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Friday, 6 February 2015

America/Canada Adventure Part 6....



Day 7  already and a very early start for a day visit to
which took approximately two and a half hours, not including comfort stops along the way.

The heart of French Canada, Quebec City is the only walled city in Canada, it stands proud on the St Lawrence River and is an enticing blend of winding cobbled streets, ancient churches, Norman-style houses, stone buildings, public squares and the horsedrawn calaches..

We were enchanted with the different architectural designs of the houses

and this fun sculpture, which the people seem to be mimicking.

French explorer Samuel de Champlain chose the name Quebec in 1608 for the colonial outpost he would use as the administrative seat for the French colony of new France.  Our tour took us past this beautiful fountain forming a roundabout
 and the military museum (Musee les Voltigeurs de Quebec Manege Militaire)
on our way to Cape Diamond, the highest point in Quebec, to the Plains of Abraham, a historic area within The Battlefields Park.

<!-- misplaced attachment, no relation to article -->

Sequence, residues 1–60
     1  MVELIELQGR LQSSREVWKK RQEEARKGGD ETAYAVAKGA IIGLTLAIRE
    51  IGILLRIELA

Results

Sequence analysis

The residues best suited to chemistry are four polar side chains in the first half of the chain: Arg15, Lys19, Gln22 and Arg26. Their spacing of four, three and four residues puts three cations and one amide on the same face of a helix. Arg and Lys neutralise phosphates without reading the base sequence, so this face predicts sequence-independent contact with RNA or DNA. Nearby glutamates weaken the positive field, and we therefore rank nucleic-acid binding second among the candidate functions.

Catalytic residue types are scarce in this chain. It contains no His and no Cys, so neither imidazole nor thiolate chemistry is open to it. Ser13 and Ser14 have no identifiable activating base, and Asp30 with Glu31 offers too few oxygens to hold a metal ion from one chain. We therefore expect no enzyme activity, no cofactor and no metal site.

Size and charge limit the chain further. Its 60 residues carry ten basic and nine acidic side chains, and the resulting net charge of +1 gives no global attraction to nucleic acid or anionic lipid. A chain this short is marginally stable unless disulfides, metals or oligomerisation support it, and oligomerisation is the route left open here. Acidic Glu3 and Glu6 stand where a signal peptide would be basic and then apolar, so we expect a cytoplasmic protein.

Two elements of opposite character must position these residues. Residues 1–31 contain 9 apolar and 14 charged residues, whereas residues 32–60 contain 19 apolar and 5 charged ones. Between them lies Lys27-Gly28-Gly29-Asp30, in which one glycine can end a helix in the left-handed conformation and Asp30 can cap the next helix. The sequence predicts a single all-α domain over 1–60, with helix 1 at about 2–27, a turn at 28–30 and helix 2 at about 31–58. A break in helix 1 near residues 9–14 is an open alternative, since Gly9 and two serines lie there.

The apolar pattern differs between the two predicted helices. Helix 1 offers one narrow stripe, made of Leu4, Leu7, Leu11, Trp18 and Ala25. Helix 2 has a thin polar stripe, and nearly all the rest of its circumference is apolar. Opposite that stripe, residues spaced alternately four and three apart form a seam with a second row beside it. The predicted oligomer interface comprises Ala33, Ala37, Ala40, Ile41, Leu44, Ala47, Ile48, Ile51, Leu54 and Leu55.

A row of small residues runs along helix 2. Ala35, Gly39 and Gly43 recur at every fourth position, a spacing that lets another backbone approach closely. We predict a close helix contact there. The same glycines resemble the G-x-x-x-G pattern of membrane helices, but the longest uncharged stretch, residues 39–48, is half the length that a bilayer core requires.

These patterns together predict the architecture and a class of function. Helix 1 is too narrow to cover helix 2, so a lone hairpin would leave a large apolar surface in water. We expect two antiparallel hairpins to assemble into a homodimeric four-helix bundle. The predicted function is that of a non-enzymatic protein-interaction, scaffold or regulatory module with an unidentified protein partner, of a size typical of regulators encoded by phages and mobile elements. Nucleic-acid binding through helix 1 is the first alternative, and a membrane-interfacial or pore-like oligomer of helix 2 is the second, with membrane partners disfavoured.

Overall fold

The land is the site of the Battle of the Plains of Abraham, which took place on 13 September 1759,  part of the French and Indian War.. On that date, British soldiers under the command of General Wolfe, climbed the steep cliff under the city in darkness, surprising and defeating the French, through a single deadly volley of musket fire, causing the battle to be over within 30 minutes. Both Wolfe and the French commander, the Marquis de Montcalm, died of their wounds, but the battle left control of Quebec City to the British, eventually allowing them to take control of Canada the following year.

Hundreds of acres of the fields became used for grazing, housing, and minor industrial structures. Only in 1908 was the land ceded to Quebec City, though administered by the specifically created and federally run National Battlefields Commission. The park is today used by 4 million visitors and tourists annually for sports, relaxation, outdoor concerts, and festivals.

The Joan of Arc Garden, is located in Battlefields Park, where a statue of a defiant Joan of Arc on horseback adds to the atmosphere.

A huge drinking water reservoir lies beneath this part of the Plains.


We boarded the coach to continue our tour to the magnificent Parliament Building